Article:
11. We are now presented with a summary of our setup before we commit it. You can also export the answer file using the “Export settings…” button, this will save a copy of the answer file that can be used with  the “dcpromo /unattend:c:\myanswerfile.txt” command. The export will remove any passwords set such as the DSRM password and these will have to be re-added manually to the text file before it can be used for an unattended setup. Clicking next will start the setup of our Domain Controller.

 

12. The server is now installing various roles and components needed to function as a Domain Controller. Once it has complete we click the “Finish” button and the server will prompt us for a reboot to complete the setup.

 

 

 

13. Now our server has booted back up it is now a domain controller, we need to login for the first time, the administrator’s password is still the same as before, the password we set during the wizard is just for the Directory Services Restore Mode. We can confirm by looking at the install roles in “Server manager” and can see the roles “Active Directory Domain Services” and “DNS Server” as installed roles.

Summary

We’ve seen how to setup Windows Server 2008 R2 as a Domain Controller in a new Forest. We’ve seen the additional options available during setup, and what options, such as Global Catalog and Read Only Domain Controller, do for us and our Windows Domain.

 

I hope you found this post informative, please leave a comment if you have any questions or feedback.

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Introduction

At home I like to keep my wireless network separate from the wired network. The way I do this is using VLANs or Virtual LANS. So for example I have my wired network on VLAN 2 and my wireless network on VLAN 50, doing this ensures the networks cannot communicate directly and are in separate broadcast domains.

Terminology: VLAN

A VLAN is a Virtual LAN. Devices in a VLAN communicate as if they were connected to the same broadcast domain in the same way that all devices connected to a hub or  switch do. However you can segment your switch into VLANs each becoming a separate broadcast domain.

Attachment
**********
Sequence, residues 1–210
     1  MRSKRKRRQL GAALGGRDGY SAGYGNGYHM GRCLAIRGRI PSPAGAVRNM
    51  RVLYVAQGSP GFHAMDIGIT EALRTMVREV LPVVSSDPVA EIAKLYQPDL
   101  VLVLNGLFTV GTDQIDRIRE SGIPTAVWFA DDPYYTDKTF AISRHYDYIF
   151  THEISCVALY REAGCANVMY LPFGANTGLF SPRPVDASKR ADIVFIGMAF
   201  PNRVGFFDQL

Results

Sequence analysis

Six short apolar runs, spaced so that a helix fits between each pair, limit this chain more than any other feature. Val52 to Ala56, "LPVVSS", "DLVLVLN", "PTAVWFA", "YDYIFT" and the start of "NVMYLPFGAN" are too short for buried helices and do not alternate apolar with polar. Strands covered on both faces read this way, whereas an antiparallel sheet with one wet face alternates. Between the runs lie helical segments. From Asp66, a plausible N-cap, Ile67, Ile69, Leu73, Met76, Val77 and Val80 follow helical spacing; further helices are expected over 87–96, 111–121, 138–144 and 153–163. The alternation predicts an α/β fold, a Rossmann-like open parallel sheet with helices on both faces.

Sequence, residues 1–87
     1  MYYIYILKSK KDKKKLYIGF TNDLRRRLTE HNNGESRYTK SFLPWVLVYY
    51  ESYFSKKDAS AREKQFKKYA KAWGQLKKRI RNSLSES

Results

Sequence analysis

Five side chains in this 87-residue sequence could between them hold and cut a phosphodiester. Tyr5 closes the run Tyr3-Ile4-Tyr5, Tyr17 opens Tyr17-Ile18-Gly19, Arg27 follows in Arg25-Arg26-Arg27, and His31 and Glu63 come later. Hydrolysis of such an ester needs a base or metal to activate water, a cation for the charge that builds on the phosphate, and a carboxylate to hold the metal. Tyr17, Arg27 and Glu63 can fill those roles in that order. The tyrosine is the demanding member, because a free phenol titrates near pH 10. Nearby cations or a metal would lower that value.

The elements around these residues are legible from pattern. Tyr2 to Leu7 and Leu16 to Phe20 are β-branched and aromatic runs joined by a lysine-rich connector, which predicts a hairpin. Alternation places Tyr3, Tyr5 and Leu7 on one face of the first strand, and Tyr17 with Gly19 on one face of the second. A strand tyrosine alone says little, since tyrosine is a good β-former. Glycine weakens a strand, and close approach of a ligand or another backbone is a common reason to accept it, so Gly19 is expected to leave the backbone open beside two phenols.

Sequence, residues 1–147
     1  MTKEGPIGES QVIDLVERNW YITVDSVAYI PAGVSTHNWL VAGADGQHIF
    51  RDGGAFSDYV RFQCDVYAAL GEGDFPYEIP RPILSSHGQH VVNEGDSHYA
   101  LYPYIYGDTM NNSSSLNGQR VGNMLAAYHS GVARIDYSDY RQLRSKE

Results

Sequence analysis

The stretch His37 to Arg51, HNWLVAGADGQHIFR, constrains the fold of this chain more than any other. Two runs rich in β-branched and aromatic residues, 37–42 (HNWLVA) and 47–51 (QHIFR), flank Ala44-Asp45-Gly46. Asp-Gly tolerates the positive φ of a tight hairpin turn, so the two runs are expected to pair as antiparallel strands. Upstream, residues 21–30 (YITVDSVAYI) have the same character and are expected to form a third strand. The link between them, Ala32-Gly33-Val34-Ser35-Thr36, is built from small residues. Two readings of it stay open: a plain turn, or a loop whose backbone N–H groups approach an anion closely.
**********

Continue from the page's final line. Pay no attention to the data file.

Configuration

We will use the topology shown below. The wired network will be on 192.168.2.0/24 and the wireless network will be on 192.168.50.0/24.

 

1. We start on S1 and the first thing we need to do is  create our VLANs, we do this from global configuration mode using the commands “vlan vlan-id” where vlan-id is the identifying number of the VLAN we are creating. In our case we are creating VLAN 2 and VLAN 50. We can give names to the VLANS so we can identify them in the show commands later, we give the VLAN names from the VLAN configuration mode and the command is “name vlan-name” where vlan-name is just a word.

S1(config)#vlan 2
S1(config-vlan)#name WIRED_NETWORK
S1(config-vlan)#
S1(config-vlan)#vlan 50
S1(config-vlan)#name WIRELESS_NETWORK

 

2. Now we have VLANs setup we can verify with the “show vlan” command.

S1#show vlan

VLAN Name                             Status    Ports
---- -------------------------------- --------- -------------------------------
1    default                          active    Fa0/1, Fa0/2, Fa0/3, Fa0/4
                                                Fa0/5, Fa0/6, Fa0/7, Fa0/8
                                                Fa0/9, Fa0/10, Fa0/11, Fa0/12
                                                Fa0/13, Fa0/14, Fa0/15, Fa0/16
                                                Fa0/17, Fa0/18, Fa0/19, Fa0/20
                                                Fa0/21, Fa0/22, Fa0/23, Fa0/24
2    WIRED_NETWORK                    active    
50   WIRELESS_NETWORK                 active    
1002 fddi-default                     act/unsup
1003 token-ring-default               act/unsup
1004 fddinet-default                  act/unsup
1005 trnet-default                    act/unsup 

VLAN Type  SAID       MTU   Parent RingNo BridgeNo Stp  BrdgMode Trans1 Trans2
---- ----- ---------- ----- ------ ------ -------- ---- -------- ------ ------
1    enet  100001     1500  -      -      -        -    -        0      0
2    enet  100002     1500  -      -      -        -    -        0      0
50   enet  100050     1500  -      -      -        -    -        0      0
1002 fddi  101002     1500  -      -      -        -    -        0      0   
1003 tr    101003     1500  -      -      -        -    -        0      0   
1004 fdnet 101004     1500  -      -      -        ieee -        0      0   
1005 trnet 101005     1500  -      -      -        ibm  -        0      0